“Terma complies with the rules applicable at all times to trade in defense and dual-use products and follows decisions made by the Danish authorities regarding exports,” writes communications manager Kasper Rasmussen.

The term dual-use refers to equipment that can be used for both civil and military purposes.

As proof that Terma’s exports to the Emirates are legal, the company cites the permits granted to Terma by the State Police in 2015 and 2018 to export equipment to the Emirate bombers.

In regard to the radar systems, the company refers to a technical assessment that Terma has asked the Danish Business Agency to take after Danwatch and TV2 started to take an interest in the matter.

According to the technical assessment, the Thermas Scanter 2001 radar for the Emirates can neither be characterized as military equipment nor a dual-use product.

  • In February 2020, a group of journalists from Danish and Scandinavian media met at Danwatch in Copenhagen to launch a joint research collaboration on Scandinavian arms exports. 
  • The project, which is titled #ScandinavianArms, is part of a major exploratory project that maps European arms exports to conflict countries, #EUArms, which can be viewed on
  • The research on Danish exports of weapons and military equipment has been carried out using publicly available sources such as satellite images, photos and videos shared on social media and, public records – so-called Open Source Intelligence methods.
  • In addition, Danwatch has sought numerous access to documents, spoken with anonymous sources and interviewed a large number of experts at home and abroad.
  • We have asked the experts to evaluate our documentation, the legality of Therma’s arms exports to the Emirates and the role of the Emirates in the Yemen war. 
  • The following Danish media have participated in collaboration: Danwatch, TV2, Berlingske and NOIR research center from Roskilde University’s Center for Investigative Journalism

Denmark violates EU rules

Ultimately, the responsibility for ensuring that Terma’s military equipment exports do not violate human rights lies not only with the company but also with the Danish authorities who issue the export permits.

Several Danish and international experts, with whom Danwatch has spoken, believe that the Danish authorities have been asleep at the wheel when it comes to Terma’s exports to the Emirates.

Anna Stavrianakis, Professor of International Politics at the British University of Sussex, is an expert in arms control and closely monitors arms exports to the warring parties in Yemen.

She believes that Denmark has violated both the UN Arms Trade Treaty and the EU Common Position on Arms Exports by not intervening with Terma.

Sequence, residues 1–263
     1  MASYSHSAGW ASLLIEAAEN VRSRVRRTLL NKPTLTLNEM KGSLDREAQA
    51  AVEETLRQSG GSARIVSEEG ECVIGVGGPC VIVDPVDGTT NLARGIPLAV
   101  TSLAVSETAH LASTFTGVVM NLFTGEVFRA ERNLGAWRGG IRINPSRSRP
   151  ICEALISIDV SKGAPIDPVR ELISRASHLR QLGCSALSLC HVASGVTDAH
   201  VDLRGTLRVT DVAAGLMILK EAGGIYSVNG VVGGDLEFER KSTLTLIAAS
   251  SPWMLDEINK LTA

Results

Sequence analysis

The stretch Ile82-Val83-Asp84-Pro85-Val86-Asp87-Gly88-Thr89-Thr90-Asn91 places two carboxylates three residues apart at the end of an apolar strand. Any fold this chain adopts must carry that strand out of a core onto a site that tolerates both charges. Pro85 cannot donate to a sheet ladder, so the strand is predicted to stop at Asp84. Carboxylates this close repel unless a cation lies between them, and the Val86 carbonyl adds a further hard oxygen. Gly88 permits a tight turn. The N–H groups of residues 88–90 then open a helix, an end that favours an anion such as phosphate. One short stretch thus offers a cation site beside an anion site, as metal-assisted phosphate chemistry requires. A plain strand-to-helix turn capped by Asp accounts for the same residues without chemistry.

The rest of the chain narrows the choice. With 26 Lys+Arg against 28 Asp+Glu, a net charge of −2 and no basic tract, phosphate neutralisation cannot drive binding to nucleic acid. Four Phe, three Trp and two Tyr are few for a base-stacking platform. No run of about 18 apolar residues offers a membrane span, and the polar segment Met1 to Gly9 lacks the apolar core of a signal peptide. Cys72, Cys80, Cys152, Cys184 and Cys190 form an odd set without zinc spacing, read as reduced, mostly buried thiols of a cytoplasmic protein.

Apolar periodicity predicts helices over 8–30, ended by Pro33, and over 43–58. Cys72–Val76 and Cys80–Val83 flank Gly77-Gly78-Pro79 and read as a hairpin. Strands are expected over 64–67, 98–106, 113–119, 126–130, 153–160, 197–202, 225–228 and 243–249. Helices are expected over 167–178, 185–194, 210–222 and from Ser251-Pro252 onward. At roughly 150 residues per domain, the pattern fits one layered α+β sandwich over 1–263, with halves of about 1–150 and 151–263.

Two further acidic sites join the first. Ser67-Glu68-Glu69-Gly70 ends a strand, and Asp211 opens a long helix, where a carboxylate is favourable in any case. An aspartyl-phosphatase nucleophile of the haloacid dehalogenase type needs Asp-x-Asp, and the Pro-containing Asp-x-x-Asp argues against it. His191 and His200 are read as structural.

“The EU Common Position obliges Denmark to prevent the export of weapons and military equipment if there is a ‘clear risk’ that the equipment will be used for serious violations of international law,” she says.

“The UN Arms Trade Treaty speaks of an ‘imminent risk’. There is no doubt that both regulations require Denmark not to issue export permits when there is a risk of serious human rights violations. ”

Duty of effective export control

Furthermore, according to Anna Stavrianakis, there is no doubt of clear or imminent risk in this case.

“There is plenty of evidence that the Emirates’ war in Yemen is causing serious violations of international law,” she says.

Frederik Harhoff backs this criticism.

“Both the UN Arms Trade Treaty and the EU Common Position oblige Denmark to ensure that Danish military equipment, including dual-use equipment, is not used for purposes that violate international humanitarian law or gross violations of international human rights,” he says.

“Neither the National Police nor the Danish Business Authority fulfilled this obligation in this case, and thus Denmark has not fulfilled its international obligations to effectively control the export of military equipment from Denmark,” says Frederik Harhoff.

The government is silent on responsibility

Danwatch and TV2 have for weeks tried to get an interview with Foreign Minister Jeppe Kofod about the criticism of Danish exports to the Emirates, but the minister has not committed to a critical stance.

In a reply to Danwatch, he does not speak directly of the case. Instead, he emphasizes that the Danish ban on exporting weapons and other military equipment to the Emirates, which was introduced in November 2018, is in force.

“My line is absolutely clear: arms and military equipment should not be exported to either Saudi Arabia or the United Arab Emirates from Denmark, as long as the products in question are in danger of being used in the Yemen conflict,” the minister writes.

He emphasizes that the Ministry of Foreign Affairs therefore does not approve new applications for the export of weapons and military equipment to the two countries when the Ministry is consulted by the National Police in export permit cases.

“This has been the line since 2018, and it continues to be,” writes Jeppe Kofod.

From Yemen, Muhsin Siddiquye urges Danish authorities to do more to counteract the cooperation between Danish companies and the Emirates military.

“Denmark must stop selling military equipment to the coalition and push them to the negotiating table instead. We can’t wait another second,” he says.